As with other commercial areas, the St. Paul skyway has seen an increase in closed businesses over the last two years.
Retail shops and restaurants shuttered by the dozens as the pandemic kept customers away.
But for clothing maker Rammy Mohamed, this crisis has led to an opportunity of a lifetime.
“I was one of those lucky refugees that got to settle in the beautiful city of St. Paul,” Mohamed said.
Rammy Mohamed immigrated here from Oromia — a region in east Africa — in 1999. The Muslim-American, University of Minnesota graduate quit her full-time job three years ago and began designing clothes in her basement.
So when she had the opportunity to sell her clothes in a store, she didn’t think twice. Ramadhan Designs transformed from a URL into a real-life boutique. At the store, customers can buy everything from hand-made sweaters to fancy gowns.
“I’ve always dreamed of a place like this but it’s a small business so there’s no way I could afford a place like this let alone in a historical building as the Wells Fargo place,” Mohamed said.
Mohamed got help to realize her dream through a program created by the St. Paul Downtown Business Alliance.
The program, called Grow Downtown, works with entrepreneurs like Mohamed. The idea is to fill vacant storefronts with businesses and match entrepreneurs with available vacant properties. They then negotiate for a rent-free arrangement for six months to help entrepreneurs start their business and see if they can make it a success.
Joe Spencer is the President of the St. Paul Downtown Business Alliance. He says 25 percent of the storefront and skyway businesses his organization tracks, closed permanently or temporarily during the pandemic.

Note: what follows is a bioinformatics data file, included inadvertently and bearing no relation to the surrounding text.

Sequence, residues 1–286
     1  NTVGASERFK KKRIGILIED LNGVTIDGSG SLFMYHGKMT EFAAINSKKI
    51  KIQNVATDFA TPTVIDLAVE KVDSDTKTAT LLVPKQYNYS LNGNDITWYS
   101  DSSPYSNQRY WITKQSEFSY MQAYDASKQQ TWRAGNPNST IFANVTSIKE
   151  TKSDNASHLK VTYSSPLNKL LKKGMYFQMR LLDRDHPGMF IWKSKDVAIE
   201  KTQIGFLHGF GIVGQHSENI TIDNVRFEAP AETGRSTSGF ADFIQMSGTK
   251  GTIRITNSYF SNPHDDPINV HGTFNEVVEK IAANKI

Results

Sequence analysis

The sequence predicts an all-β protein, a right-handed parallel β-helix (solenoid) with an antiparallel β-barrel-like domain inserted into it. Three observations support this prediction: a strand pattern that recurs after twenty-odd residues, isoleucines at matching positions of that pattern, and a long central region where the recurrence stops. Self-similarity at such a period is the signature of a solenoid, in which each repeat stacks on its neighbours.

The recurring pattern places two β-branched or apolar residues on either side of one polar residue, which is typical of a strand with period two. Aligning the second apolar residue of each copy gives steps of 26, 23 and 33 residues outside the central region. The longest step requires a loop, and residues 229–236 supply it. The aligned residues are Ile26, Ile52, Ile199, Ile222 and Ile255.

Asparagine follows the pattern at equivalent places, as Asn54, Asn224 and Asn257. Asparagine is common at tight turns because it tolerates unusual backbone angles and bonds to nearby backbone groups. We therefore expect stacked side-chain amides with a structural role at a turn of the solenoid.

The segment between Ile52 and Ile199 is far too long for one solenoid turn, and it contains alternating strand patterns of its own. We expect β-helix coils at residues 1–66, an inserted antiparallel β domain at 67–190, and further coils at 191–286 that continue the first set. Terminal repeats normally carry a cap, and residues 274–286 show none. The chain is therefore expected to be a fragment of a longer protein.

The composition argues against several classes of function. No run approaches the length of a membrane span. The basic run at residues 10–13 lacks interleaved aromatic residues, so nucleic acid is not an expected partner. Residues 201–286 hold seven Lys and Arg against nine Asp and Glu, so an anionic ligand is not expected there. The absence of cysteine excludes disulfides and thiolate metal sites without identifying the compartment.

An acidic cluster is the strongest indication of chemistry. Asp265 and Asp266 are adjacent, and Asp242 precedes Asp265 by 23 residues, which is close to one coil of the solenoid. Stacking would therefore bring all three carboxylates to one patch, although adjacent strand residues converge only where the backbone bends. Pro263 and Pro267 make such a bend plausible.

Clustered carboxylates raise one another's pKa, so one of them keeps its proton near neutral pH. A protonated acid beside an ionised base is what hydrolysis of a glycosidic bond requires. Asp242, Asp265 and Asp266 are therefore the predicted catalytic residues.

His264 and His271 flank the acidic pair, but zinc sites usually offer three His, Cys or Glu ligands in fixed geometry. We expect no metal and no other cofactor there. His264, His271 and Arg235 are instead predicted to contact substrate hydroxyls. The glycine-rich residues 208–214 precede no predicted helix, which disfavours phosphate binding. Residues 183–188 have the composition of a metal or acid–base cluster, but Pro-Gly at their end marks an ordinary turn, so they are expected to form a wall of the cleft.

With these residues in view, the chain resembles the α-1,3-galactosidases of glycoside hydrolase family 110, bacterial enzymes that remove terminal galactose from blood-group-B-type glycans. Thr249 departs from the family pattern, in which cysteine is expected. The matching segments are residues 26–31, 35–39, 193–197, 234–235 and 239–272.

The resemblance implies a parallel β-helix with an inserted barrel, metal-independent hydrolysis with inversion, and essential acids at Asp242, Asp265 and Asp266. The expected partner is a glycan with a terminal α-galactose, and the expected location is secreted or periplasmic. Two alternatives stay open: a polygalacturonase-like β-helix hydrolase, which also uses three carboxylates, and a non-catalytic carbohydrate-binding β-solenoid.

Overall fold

“When you go past vacancy after vacancy it really is kind of a gut punch to your impression of our downtown and your experience of downtown,” Spencer said.
He says playing matchmaker between business and property owners has proven successful so far — even if the rent-free part of the program only lasts six months.
“It was an amount of time that we thought property owners could be comfortable with and an amount of time that business owners could help get them up on their feet,” Spencer said.
Mohamed spends hours in her shop sewing. Basquiat and Monet books sit on the table next to racks of unique, hand-made pieces. Mohamed's designs are influenced by her culture and religion.
“I have to represent where I’m from and what I am and who I am,” said Mohamed. “I’m a Black woman who is also a very proud Muslim.”
Mohamed’s designs are sewn with edginess and modesty in mind – long, loose-fitting clothing designed using bright colors and various fabrics.
“I made sure that we have women in hijab to be represented in the fashion industry. I was the first designer to ever show at Minnesota Fashion Week with women in hijab,” she said.
For Mohamed, it's a chance for her to get out of her basement, and to interact with people who may be more likely to buy her pieces after getting to know her. The all-glass storefront allows passersby a glimpse into the process.
Mohamed would also like her shop to be visible and accessible to young people.
“I'm reaching out to middle-schoolers and high school students to make them come and see and make them fall in love with the art of making your own clothes,” she said.
Mohamed is the first entrepreneur in her family. She says this could change the trajectory of her life.
“I want to create a factory here in the Twin Cities that will dress every woman and man in the world,” she said.
If everything goes well, Mohamed says she could become a permanent tenant. But if not, she'll go back to making clothes in her basement.